Contributed by klstacy_home
Description: Saloon-Keeper and Family ButcheredDate: August 24 1882
Newspaper published in: Ironton, MO
Page/Column: Page 2, Column 2
PERSONAL AND GENERAL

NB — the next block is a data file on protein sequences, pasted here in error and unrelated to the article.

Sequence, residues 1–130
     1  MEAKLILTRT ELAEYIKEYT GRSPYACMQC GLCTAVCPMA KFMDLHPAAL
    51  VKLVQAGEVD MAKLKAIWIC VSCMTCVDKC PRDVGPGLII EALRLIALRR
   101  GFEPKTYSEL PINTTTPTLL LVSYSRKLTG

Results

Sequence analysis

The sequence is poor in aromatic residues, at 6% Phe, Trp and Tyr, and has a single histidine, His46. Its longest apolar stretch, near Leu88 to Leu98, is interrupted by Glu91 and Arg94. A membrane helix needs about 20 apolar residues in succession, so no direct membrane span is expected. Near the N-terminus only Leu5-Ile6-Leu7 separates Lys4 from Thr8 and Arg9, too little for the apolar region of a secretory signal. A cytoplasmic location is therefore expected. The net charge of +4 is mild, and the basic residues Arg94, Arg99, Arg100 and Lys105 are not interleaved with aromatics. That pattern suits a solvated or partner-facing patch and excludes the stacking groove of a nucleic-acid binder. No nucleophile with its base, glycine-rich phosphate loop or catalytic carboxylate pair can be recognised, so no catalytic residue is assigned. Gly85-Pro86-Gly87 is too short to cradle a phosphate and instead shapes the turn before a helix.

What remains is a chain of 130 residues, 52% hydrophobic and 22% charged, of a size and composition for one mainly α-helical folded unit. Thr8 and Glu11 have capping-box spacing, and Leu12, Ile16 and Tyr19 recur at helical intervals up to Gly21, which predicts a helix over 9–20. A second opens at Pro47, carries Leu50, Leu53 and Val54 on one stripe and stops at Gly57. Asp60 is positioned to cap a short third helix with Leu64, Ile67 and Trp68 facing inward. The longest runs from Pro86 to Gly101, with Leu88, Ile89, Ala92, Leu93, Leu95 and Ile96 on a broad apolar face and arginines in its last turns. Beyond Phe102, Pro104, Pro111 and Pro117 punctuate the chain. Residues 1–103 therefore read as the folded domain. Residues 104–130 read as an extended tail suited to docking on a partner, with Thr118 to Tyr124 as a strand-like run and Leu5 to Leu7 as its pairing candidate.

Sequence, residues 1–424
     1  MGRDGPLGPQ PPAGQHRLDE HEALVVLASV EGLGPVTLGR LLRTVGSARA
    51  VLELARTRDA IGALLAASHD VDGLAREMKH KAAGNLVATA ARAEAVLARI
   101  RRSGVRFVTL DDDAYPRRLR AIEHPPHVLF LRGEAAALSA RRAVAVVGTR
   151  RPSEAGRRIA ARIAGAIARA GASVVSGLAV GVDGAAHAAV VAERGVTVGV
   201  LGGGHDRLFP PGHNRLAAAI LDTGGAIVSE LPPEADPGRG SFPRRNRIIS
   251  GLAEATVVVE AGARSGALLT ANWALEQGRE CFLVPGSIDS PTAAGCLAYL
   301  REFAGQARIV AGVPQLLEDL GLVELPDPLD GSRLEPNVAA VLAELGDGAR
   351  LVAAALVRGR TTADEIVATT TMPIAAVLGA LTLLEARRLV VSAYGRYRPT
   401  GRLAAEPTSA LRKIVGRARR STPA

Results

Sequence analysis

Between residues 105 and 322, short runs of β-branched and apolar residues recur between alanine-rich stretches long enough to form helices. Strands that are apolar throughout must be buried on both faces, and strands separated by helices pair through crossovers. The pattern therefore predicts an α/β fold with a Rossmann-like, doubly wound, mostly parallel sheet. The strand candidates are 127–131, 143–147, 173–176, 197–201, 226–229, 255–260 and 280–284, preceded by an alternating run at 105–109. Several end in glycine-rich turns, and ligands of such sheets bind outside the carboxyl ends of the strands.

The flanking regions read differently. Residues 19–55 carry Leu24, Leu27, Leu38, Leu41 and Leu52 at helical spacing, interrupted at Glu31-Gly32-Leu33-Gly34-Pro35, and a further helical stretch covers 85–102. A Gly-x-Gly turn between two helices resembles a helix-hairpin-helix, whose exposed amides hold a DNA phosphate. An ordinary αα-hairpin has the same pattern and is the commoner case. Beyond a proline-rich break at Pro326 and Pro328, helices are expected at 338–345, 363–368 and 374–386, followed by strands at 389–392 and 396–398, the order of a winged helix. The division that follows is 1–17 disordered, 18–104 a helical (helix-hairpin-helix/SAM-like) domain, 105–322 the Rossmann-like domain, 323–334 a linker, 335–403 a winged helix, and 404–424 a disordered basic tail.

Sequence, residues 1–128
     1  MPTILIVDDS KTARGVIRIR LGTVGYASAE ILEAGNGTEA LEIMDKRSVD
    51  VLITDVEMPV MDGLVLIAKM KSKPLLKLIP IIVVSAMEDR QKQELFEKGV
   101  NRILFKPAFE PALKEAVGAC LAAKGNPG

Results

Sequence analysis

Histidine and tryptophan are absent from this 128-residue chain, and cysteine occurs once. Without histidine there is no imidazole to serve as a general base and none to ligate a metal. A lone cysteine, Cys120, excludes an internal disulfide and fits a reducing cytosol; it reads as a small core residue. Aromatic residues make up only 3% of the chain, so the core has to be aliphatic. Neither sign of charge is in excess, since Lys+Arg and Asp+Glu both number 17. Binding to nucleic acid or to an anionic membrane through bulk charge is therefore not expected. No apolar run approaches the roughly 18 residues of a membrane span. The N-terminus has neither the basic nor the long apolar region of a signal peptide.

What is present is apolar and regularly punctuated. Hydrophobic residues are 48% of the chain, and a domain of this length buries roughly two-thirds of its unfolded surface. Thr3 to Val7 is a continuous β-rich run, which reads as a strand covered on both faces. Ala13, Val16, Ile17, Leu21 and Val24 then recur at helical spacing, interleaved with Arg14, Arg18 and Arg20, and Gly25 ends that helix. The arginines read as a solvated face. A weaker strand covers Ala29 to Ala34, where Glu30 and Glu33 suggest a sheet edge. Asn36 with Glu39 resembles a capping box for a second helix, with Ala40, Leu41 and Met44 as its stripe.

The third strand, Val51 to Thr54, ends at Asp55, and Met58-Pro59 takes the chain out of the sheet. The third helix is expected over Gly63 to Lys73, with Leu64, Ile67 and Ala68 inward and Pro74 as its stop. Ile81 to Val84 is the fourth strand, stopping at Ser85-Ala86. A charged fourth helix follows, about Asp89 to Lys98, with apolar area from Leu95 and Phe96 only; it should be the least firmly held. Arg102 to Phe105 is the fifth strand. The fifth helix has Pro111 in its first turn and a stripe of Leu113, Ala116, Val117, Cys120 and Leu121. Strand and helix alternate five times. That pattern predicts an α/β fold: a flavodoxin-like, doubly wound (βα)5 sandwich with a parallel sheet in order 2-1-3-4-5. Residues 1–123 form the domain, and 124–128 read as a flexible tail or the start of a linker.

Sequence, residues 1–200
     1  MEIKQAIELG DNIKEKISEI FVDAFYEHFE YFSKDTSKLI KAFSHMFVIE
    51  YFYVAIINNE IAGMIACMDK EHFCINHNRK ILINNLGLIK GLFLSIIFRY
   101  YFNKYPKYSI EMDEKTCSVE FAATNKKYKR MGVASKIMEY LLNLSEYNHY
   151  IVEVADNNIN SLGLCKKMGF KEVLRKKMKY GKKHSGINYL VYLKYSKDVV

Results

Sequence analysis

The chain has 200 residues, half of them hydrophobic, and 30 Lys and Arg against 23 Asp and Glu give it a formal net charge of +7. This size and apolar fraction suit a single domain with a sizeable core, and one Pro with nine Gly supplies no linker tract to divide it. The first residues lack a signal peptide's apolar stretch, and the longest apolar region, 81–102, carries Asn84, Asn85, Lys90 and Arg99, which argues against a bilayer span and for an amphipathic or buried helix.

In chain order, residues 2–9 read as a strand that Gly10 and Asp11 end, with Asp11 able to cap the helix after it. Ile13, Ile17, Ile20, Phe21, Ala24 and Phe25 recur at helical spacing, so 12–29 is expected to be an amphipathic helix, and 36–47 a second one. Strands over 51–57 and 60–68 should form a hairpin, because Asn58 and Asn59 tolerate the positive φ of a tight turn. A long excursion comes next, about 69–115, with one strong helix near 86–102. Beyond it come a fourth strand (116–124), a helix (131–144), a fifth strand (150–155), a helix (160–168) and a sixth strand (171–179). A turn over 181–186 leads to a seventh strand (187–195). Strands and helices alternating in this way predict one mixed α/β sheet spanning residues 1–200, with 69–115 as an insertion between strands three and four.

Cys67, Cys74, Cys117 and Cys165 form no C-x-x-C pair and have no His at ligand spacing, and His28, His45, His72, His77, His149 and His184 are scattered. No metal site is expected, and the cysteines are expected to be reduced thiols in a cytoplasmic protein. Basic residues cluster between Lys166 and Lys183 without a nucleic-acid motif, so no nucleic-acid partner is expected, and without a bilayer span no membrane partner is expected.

Evansville, Ind., was intensely excited on the morning of the 13th by the discovery that Alexander Wieber, a German saloon-keeper, his wife and his little son, seven years old, had been butchered in bed. The heads of all three were crushed with a hatchet, and their throats were cut and mangled in a most brutal manner. An infant of six months was found unharmed in its crib, smiling and crowing, unconscious of bereavement. The house in which the tragedy was enacted was formerly owned by a German named Krugg, who was killed there about six years ago by negroes. His widow married George Lenhart, a German laborer, who has done little or no work since his marriage. He has frequently asked his wife to let him have the house and run a saloon, but as Wieber. the man who was murdered, had a lease on the house, she could not do it. Lenhart is an ignorant fellow, and believed himself aggrieved by Wieber's possession of the house. Frequently he quarreled with him, and threatened to kill him several times. There were tracks leading away from the house, made by a man with but one shoe, and a sock on the other foot. Lenhart has a sore upon the instep of the left foot, and has walked without a shoe for some days in consequence. His tracks correspond with those found. He denies the commission of the crime. Charles W. Carter and Philip Voll were arrested about ten miles from the city. Carter was searched, and had in a pocket a razor covered with blood and a handkerchief spotted. Voll is but a boy, who had been looking for work and was going back to Mount Carmel. If the purpose of the murder was robbery it failed signally, for they got not a cent or a valuable, though several hundred dollars were concealed behind a drawer in the bureau.